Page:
Do you know this about mental health?

Mental illness doesn’t go away in bad economic times—neither should funding for mental health care.

  • One veteran dies by suicide approximately every 80 min.
  • Six in ten adults who need mental health services don’t get treatment.
  • Three-quarters of serious mental illness occurs by age 24. Screening and early intervention improves lives and helps families.
  • People living with mental illness are overrepresented in jails and prisons. End the criminalization of mental illness.
  • Mental health treatment works, but many aren’t getting care they need. Access is part of the solution.  Covering mental health saves lives and saves families money.
  • Mental health services need to be there when people need them. It’s an investment in our families and our communities.
  • Over 50% of students with a mental disorder over 14 drop out of school. Early intervention can save lives.

Throughout the month of July, we encourage you to learn more about mental health issues and what you can do.  If you would like to get more involved in activities this month, contact Center staff member, Antonia Correa, at (402) 559-3670 or via email at: acorrea@unmc.edu.

Talk about it.  Leave us a comment, Facebook us, or Tweet us @UNMCCRHD using the hashtag: #MinorityMentalHealth and #vote4mentalhealth.

Source: National Alliance on Mental Illness, www.nami.org.

 

July 2012 is National Minority Mental Health Awareness Month

In May 2008 the US House of Representatives proclaimed July as Bebe Moore Campbell National Minority Mental Health Awareness Month. The resolution, sponsored by Rep. Albert Wynn [D-MD] and cosponsored by a large bipartisan group, was passed in recognition that:

  • Improved access to mental health treatment and services and public awareness of mental illness are of paramount importance;and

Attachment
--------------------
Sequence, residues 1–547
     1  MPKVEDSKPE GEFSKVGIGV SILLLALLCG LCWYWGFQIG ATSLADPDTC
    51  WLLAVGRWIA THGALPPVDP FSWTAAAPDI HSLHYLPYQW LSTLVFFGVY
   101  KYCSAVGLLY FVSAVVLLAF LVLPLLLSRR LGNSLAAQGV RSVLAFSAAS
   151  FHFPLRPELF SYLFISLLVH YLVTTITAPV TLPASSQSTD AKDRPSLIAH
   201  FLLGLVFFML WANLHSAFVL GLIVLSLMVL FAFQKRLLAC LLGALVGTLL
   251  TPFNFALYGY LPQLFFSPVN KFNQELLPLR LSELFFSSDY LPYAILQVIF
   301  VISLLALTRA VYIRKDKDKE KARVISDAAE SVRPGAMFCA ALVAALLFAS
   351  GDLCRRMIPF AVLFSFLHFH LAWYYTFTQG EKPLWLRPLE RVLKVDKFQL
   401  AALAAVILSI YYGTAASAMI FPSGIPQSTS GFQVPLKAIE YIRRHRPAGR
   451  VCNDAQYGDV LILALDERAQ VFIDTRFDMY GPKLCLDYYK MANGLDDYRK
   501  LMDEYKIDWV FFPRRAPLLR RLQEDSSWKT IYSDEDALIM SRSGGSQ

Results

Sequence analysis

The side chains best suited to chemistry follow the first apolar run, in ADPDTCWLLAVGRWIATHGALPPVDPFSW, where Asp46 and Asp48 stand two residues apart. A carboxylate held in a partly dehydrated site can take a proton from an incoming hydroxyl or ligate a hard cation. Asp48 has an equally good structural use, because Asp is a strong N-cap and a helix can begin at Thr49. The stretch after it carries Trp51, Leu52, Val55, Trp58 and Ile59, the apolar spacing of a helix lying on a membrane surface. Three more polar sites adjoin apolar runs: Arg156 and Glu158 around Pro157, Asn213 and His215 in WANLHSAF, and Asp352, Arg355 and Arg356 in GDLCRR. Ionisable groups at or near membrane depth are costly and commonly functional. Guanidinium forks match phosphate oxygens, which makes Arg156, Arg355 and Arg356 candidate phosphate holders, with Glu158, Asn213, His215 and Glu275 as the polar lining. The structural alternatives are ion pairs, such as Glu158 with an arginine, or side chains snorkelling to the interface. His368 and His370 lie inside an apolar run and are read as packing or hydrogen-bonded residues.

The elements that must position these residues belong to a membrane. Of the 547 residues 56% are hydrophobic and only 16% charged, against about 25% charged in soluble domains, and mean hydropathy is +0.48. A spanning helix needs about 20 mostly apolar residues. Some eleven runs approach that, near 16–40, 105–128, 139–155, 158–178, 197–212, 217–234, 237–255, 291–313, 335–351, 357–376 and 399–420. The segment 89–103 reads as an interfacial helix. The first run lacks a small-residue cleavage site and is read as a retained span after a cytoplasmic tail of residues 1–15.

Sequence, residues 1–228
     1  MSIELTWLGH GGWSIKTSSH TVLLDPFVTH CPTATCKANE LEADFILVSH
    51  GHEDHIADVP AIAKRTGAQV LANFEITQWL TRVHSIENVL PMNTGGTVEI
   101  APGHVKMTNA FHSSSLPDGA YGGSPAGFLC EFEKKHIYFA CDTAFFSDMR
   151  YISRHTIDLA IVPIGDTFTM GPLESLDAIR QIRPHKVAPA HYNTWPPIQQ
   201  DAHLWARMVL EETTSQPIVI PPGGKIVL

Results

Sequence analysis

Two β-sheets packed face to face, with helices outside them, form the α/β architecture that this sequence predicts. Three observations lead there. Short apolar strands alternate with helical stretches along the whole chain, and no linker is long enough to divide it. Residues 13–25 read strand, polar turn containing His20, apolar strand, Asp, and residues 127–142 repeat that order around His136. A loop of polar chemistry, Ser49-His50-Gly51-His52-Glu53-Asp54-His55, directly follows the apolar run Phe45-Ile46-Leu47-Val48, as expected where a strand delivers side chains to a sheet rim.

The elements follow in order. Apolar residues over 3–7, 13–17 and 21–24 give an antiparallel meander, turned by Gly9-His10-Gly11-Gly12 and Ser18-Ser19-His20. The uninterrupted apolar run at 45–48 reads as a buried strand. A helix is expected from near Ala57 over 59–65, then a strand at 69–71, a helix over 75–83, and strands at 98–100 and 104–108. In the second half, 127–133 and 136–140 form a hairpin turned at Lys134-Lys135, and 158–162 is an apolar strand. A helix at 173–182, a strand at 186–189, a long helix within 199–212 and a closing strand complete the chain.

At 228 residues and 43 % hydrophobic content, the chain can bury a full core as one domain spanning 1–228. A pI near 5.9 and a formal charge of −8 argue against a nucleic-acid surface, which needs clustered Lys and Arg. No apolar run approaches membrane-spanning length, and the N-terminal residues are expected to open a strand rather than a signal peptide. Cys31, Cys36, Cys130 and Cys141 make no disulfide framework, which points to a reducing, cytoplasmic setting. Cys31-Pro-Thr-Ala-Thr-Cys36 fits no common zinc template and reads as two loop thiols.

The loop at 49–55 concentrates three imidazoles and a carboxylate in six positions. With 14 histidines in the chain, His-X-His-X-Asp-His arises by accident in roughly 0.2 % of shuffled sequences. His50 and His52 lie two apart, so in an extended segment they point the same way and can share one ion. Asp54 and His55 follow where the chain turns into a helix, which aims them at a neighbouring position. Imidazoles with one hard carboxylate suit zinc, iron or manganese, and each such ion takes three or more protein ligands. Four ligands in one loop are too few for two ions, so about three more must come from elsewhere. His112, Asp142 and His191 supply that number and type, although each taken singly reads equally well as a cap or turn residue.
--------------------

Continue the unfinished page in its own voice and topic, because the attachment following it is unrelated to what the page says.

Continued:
• An appropriate month should be recognized as Bebe Moore Campbell National Minority Mental Health Awareness Month to enhance public awareness of mental illness and mental illness among minorities.

The month was named after Bebe Moore Campbell as she was an accomplished author, advocate, co-founder of NAMI Urban Los Angeles and national spokesperson, wImageho passed away in November 2006.  She received NAMI’s 2003 Outstanding Media Award for Literature for the book Sometimes My Mommy Gets Angry, written especially for children, about a young girl who learns how to cope with her mother’s bipolar illness. In 2005, her novel 72-Hour Hold focused on an adult daughter and a family’s experience with the onset of mental illness. It helped educate Americans that the struggle often is not just with the illness, but with the healthcare system as well.

Campbell advocated for mental health education and support among individuals with mental illness and their families of diverse communities.

Throughout the month of July, we encourage you to learn more about mental health issues and what you can do.  If you would like to get more involved in activities this month, contact Center staff member, Antonia Correa, at (402) 559-3670 or via email at: acorrea@unmc.edu.

Talk about it.  Leave us a comment, Facebook us, or Tweet us @UNMCCRHD using the hashtag: #MinorityMentalHealth.

NAMIWalk is tomorrow! Make plans to join us!

NAMI, the National Alliance on Mental Illness (Nebraska), will hold their annual walk tomorrow morning, Saturday, June 9, 2012 at Midtown Crossing in Turner Park.  The walk will begin at 9am.  All are welcome to join our CRHD Cultural Walkers Team headed by Antonia Correa.  For more information, you can reach her at (402) 559-9660 or via email at: acorrea@unmc.edu.

Mental illness impacts the lives of at least one in four adults and one in 10 children—or 60 million Americans, and mental illnesses represent one of the leading causes of disability in the United States.  View NAMI’s newest PSA.

NAMI Nebraska is a nonprofit, grassroots organization dedicated to education, support and advocacy with anyone whose life has been touched by mental illness.  NAMI Nebraska helps unite parents, spouses, siblings, friends and people who have a mental illness together with mental health professionals to fight for improved treatment, a better quality of life and recovery. 

 We hope to see you tomorrow for this great cause!